There’s a story I used to read my kids when they were little(r): Mr. Zinger’s Hat.
It’s about a young boy (Leo) and an old man (Mr. Zinger). The boy’s mother has warned him not to bother the old man.
He’s a writer, she explained. He’s busy coming up with his stories.
Leo is playing with his ball against the wall in the schoolyard. An errant bounce sends it hurtling towards Mr. Zinger, knocking off his hat.
The hat gets blown by the wind, and Mr. Zinger asks for the boy’s help in retrieving it.
Finally, Leo catches up with the hat and returns it. Feigning amazement at why his hat took off like that, the old man sits down to ponder and asks the boy to join him.
The pair study the hat. “Ah, I see now,” said Mr. Zinger. “It’s a story. A story trying to get out.”
Leo, confused, asked “What story?”
Mr. Zinger takes a look inside (Leo peering in beside him): “Let’s see… Once upon a time, there was a man,” Mr. Zinger began.
“Could it maybe be a boy?” asked Leo.
“Yes, you’re right, a boy,” said Mr. Zinger. “Now, this boy was very poor.”
“He might be rich,” Leo ventured.
Mr. Zinger scratched his head. “Why not? He was rich…”
The story grows from there, with Mr. Zinger guiding/prodding/indulging/fostering Leo’s role in the creation of this particular tale.
My kids love it. Especially my son. He had been given a peek behind the curtain—an insider’s view behind the scenes—and suddenly became aware of how creative storytelling works.
Demystified, his mind boggled at the potential: anyone can tell a story. Which ones could he tell?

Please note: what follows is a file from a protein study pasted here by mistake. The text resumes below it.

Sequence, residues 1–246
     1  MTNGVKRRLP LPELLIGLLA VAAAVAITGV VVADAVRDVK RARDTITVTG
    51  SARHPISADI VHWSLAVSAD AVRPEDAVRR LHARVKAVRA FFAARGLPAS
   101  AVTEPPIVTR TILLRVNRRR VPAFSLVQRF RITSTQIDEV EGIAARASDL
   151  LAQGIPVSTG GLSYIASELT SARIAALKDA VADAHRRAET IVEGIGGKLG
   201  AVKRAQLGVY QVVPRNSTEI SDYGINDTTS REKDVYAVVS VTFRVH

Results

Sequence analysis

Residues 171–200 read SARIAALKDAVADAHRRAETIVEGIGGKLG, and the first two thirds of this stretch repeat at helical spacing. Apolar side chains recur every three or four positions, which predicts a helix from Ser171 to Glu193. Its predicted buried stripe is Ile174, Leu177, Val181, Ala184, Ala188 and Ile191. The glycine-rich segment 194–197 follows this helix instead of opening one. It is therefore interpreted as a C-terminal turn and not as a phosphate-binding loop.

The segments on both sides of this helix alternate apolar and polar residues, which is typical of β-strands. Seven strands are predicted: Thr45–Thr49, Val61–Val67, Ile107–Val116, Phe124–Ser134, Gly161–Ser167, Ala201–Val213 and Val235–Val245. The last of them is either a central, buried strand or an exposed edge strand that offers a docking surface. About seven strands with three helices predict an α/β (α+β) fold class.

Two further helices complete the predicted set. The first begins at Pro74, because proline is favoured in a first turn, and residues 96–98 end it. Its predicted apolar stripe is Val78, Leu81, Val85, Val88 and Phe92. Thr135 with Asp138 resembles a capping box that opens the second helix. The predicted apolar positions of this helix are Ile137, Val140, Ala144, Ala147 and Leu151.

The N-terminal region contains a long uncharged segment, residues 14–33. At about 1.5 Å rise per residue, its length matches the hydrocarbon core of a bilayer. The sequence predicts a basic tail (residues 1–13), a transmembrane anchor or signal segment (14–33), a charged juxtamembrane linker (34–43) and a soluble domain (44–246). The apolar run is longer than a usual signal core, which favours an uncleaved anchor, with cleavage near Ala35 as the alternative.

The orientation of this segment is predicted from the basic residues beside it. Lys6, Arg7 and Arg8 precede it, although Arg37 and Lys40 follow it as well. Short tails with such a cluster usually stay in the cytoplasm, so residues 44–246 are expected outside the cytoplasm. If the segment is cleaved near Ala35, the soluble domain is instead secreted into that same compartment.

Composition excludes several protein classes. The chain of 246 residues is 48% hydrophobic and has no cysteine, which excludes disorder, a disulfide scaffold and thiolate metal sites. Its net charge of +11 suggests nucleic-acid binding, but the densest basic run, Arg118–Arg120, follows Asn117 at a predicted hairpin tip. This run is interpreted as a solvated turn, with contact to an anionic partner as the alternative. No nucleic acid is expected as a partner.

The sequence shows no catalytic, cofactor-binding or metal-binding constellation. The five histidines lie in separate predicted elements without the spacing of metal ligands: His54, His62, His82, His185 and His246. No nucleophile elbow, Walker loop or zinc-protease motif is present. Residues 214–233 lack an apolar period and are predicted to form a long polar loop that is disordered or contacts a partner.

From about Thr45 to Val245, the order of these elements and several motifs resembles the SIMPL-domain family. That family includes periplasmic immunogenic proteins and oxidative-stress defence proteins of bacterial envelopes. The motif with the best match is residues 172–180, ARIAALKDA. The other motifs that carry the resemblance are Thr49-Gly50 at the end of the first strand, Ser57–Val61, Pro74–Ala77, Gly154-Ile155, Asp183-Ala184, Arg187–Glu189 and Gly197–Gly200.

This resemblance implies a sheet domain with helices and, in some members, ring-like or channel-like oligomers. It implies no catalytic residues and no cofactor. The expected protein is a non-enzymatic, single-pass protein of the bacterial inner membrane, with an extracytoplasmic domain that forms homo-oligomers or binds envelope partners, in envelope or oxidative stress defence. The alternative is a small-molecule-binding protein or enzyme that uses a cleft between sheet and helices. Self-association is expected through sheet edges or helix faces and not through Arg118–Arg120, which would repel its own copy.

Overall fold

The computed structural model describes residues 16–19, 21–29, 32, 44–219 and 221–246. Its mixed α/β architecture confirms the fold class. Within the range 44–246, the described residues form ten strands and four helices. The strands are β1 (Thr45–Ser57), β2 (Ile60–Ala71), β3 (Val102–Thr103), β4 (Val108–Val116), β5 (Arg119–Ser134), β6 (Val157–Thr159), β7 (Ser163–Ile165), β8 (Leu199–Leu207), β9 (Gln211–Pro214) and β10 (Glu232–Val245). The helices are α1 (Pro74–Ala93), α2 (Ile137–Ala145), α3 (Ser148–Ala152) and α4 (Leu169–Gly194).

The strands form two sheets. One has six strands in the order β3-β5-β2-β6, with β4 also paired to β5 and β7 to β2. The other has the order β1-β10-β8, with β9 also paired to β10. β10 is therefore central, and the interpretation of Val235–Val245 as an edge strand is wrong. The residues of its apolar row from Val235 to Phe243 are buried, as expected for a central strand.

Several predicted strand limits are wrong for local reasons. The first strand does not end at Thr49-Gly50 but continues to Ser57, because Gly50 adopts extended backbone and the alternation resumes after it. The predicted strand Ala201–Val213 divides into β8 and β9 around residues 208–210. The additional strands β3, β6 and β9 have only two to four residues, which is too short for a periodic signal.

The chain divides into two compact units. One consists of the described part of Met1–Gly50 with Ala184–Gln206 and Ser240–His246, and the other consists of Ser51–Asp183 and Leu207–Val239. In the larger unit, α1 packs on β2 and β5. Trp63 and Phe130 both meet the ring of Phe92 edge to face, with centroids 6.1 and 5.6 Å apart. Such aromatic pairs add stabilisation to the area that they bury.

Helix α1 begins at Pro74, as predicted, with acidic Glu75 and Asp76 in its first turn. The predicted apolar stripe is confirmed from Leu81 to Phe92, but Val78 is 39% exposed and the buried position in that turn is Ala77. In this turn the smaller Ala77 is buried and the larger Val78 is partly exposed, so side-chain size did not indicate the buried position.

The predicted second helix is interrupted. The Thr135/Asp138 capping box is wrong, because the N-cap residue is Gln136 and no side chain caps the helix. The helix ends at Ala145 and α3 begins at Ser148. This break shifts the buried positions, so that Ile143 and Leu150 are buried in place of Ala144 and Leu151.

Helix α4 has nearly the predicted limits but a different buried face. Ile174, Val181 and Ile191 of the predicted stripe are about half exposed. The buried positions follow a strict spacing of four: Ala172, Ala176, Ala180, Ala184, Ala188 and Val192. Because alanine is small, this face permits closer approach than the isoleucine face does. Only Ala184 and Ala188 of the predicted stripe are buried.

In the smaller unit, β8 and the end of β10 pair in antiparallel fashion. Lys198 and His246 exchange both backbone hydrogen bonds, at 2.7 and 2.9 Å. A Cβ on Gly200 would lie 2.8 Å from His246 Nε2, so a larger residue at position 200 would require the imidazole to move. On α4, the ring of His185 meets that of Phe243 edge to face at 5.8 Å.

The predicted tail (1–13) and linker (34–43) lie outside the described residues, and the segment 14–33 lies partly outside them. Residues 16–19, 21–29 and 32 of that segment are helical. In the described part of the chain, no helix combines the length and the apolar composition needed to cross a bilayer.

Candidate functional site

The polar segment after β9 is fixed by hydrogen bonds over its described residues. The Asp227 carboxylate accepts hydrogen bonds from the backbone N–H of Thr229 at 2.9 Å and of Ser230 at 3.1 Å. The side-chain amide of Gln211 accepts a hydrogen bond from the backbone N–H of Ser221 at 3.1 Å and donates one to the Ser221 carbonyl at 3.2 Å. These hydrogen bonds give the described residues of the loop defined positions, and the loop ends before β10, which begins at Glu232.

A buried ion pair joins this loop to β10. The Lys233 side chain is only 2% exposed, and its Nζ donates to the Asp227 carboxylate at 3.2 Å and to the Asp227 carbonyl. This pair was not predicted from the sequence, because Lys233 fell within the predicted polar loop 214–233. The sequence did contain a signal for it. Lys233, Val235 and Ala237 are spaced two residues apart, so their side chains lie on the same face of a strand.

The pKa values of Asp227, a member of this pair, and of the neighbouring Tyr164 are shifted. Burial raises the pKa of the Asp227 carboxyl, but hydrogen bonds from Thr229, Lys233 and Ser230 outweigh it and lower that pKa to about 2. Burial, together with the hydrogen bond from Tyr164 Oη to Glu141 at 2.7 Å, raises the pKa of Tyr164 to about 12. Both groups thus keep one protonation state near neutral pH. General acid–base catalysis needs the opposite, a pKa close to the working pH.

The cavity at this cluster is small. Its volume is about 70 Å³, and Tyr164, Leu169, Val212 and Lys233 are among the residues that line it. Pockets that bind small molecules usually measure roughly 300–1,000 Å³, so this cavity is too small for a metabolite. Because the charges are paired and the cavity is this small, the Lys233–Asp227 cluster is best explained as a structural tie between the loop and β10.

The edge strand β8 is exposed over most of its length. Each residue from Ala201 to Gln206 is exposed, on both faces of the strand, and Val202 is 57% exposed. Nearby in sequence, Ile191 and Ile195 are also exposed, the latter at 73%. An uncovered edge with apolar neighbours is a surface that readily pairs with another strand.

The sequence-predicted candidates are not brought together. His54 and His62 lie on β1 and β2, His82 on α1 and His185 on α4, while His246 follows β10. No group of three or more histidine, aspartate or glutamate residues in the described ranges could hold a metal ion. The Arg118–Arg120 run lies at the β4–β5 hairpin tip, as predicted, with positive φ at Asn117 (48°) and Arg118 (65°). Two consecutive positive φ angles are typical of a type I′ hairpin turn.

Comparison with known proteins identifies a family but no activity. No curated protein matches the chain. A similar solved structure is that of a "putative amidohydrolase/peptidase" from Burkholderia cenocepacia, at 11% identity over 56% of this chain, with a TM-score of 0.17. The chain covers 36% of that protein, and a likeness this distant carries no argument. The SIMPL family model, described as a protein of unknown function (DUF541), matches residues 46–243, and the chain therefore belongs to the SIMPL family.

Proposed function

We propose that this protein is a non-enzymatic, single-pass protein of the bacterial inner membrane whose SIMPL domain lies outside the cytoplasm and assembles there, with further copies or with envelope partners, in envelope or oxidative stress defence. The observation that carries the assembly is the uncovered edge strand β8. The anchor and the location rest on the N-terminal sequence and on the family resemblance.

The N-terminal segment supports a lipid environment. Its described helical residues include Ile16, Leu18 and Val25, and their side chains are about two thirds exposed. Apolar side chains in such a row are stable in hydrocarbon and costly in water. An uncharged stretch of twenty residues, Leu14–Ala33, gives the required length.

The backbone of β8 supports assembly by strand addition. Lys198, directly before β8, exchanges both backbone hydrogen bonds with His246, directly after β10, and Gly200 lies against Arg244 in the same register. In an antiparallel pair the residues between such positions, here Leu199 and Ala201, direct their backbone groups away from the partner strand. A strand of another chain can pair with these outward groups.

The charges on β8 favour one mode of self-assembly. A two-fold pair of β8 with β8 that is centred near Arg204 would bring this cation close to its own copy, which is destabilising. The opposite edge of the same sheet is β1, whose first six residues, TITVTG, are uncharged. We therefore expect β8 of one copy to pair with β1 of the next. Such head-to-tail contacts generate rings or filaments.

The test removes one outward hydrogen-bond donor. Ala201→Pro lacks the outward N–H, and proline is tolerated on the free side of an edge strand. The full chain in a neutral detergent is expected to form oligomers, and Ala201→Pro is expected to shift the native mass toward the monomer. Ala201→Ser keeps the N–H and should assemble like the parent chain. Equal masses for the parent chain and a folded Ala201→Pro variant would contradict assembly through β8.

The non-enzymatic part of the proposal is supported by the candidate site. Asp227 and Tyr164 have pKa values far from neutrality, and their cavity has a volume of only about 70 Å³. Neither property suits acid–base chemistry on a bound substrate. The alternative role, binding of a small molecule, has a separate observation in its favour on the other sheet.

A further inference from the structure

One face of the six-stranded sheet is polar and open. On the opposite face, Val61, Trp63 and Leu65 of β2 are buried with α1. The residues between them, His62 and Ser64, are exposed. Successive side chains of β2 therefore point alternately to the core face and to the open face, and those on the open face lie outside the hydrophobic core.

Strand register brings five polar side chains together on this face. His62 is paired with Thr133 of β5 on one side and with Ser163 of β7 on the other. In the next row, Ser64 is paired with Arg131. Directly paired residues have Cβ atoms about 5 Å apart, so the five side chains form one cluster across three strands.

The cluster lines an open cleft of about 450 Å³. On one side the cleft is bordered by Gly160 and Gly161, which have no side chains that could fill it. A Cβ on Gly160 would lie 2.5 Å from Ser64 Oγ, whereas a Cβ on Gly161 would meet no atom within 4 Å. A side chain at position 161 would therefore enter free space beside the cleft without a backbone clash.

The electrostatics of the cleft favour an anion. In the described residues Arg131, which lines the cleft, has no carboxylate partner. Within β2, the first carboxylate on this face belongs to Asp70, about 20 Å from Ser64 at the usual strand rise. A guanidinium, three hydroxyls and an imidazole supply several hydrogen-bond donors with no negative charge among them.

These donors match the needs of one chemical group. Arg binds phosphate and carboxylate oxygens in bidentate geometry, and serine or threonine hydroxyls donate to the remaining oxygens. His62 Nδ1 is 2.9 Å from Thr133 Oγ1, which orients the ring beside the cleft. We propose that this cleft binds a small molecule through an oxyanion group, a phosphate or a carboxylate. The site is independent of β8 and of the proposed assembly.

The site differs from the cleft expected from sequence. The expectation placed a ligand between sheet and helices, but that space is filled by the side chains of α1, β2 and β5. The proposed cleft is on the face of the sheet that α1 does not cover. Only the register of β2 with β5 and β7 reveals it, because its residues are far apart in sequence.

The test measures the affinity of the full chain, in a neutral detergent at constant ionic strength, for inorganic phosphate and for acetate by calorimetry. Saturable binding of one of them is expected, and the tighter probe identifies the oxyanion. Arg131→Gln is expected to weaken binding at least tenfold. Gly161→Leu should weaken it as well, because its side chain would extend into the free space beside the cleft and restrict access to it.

We Are All Storytellers
And while we are all storytellers, and have stories to tell, the art, craft, and strategy of storytelling are constantly changing.
In some ways making it easier to tell stories (technology and accessibility), and in others harder: with so many stories and myriad ways of telling them, getting someone to pay attention to your story isn’t easy.
That said, none of this is new. It’s never been that easy.
Whether you’re writing a blog post, a news article, a novel, posting a tweet or sharing something on Instagram, you’ve never been able to assume an audience, much less engagement.
The State of Storytelling
Gary Vaynerchuk says:
“The notion of storytelling hasn’t changed but the mediums through which we tell the stories have. With the advent of social and ever-evolving consumer attention, you now have to tell a story in new and interesting ways, be it six seconds or 60.
He’s talking about brand storytelling. Marketing. Content strategy.
And he’s right. Up to a point. We should ever be striving to tell stories in new and interesting ways.
But we should also be striving for creativity. Nothing says that marketing content and fictional prose can’t work together. Does it? Did I miss the memo?
More on creative storytelling in a bit.
What Were You Saying?
My biggest issue with storytelling in the here and now is the assumption that everyone’s attention span is increasingly (decreasingly?) infinitesimal.
According to the studies, that’s true. Our attention spans are shorter.
But does that mean we abandon longer forms of content?
In short? No.
(See what I did there? Short? Long?)
Is the goal to parse the message into bite-sized pieces? To tell that part, or the whole story, in six seconds? Sixty?
Epic fantasy novels (often close to 1,000 pages long, such as The Game of Thrones), movies, and podcast content are all stretching the limits when it comes to length.
And yet their popularity, albeit in niche groups (raises hand), is huge.
Clearly, we can manage to focus our goldfish-like attention on longer-form content, especially when it comes to entertainment.
So, what is the problem?
Longer-form content is trending, according to Ann Handley, noting that “writers who write ‘big’ blog posts are twice as likely to report strong results.”
She references Andy Crestodina’s Annual Blogger Survey, which supports the statement, albeit with an important caveat: